Swollen, Painful Elbow? It May Be Elbow Bursitis

Elbow Bursitis

One of the most common forms of bursitis is known as olecranon bursitis, or elbow bursitis. Swelling in the elbow is typically the first sign that you may be suffering from elbow bursitis.

Because no two elbows are alike, our team of board certified and board eligible elbow surgeons will develop an individualized treatment plan to address the specific cause of bursitis and provide guidance through your recovery.

What is Elbow Bursitis?

Elbow bursitis is a condition involving the olecranon bursa of the elbow. Bursitis occurs when the bursae (small, fluid-filled sacs that act as cushions between bones and tissues in the shoulder) become inflamed and swell.

The area between your skin and the pointy bone, known as the olecranon, on the back of the elbow is where elbow bursitis develops. This is where the olecranon bursa is located. Excessive fluid builds up in the olecranon bursa when it is irritated, and that is when bursitis happens.

What Causes Elbow Bursitis?

There are quite a few things that can contribute to the development of bursitis. Repetitive pressure on the elbow and trauma are two common culprits. Some people develop elbow bursitis from leaning their elbow on hard surfaces for extended periods of time. Because of this, the condition sometimes goes by the nickname ‘student’s elbow’.

Elbow bursitis from repetitive leaning on the elbow or supporting the body with elbows does not happen suddenly- it typically develops gradually over a period of several months.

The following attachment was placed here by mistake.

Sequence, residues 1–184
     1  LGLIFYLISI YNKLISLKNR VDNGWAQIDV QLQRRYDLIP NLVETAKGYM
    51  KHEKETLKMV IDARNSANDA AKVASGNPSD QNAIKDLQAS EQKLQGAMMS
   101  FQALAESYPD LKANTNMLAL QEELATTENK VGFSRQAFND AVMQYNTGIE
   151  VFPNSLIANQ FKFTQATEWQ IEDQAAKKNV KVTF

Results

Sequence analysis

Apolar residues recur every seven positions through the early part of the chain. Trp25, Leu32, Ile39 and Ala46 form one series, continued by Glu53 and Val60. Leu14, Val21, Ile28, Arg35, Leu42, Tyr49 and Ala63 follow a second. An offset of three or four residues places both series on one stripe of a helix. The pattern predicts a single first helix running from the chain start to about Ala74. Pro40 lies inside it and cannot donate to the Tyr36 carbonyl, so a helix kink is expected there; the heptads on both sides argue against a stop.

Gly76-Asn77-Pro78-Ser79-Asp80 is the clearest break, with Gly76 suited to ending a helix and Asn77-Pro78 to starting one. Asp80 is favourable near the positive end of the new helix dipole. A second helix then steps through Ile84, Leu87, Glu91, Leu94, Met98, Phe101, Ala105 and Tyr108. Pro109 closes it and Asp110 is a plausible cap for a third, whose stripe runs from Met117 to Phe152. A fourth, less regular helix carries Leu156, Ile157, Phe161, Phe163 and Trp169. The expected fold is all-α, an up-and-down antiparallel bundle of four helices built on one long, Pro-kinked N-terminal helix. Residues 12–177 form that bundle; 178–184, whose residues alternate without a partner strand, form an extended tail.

If you’ve experienced an injury to the elbow, bursitis may also develop. The impact from a fall or blow to the elbow can cause the bursa to fill with fluid or become inflamed.

Infection can also play a role. If you’ve suffered an injury to the elbow in which your skin was broken or punctured, the bursa may be susceptible to bacteria. When the bursa comes in contact with bacteria, it swells, fills with fluid and often turns red.

People living with conditions such as osteoarthritis, rheumatoid arthritis or gout are at a higher risk of developing elbow bursitis.

What are the Symptoms?

  • Swelling
  • Pain
  • Tenderness
  • Difficulty extending the arm/minimized range of motion
  • Redness and warmth as a result of infection

What Treatment is Available?
Nonsurgical and surgical treatments are available for elbow bursitis.

One of our elbow specialists may perform a fluid removal if you are showing signs of bursitis caused by infection. Should you have an infection, antibiotics or other medication may be prescribed. When an infection does not respond to antibiotics or fluid removal, surgery to remove the infected bursa may be necessary. In some instances, surgery for a non-infected bursa may be recommended.

For cases that do not involve infection, one of our specialists may recommend modifying your activity levels, anti-inflammatory medication and the RICE method (rest, ice, compression and elevation). When swelling and other symptoms persist, corticosteroid injections may be used as a next step to stop pain and swelling.

If you’re experiencing any of the symptoms above, do not hesitate to contact us to schedule a visit with one of our elbow surgeons. As with most conditions, particularly in the event of infection, it is best to seek medical attention as quickly as possible.


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Trusted Elbow Bursitis Resources

American Academy of Orthopaedic Surgeons – Elbow (Olecranon) Bursitis

American Society for Surgery of the Hand – Olecranon Bursitis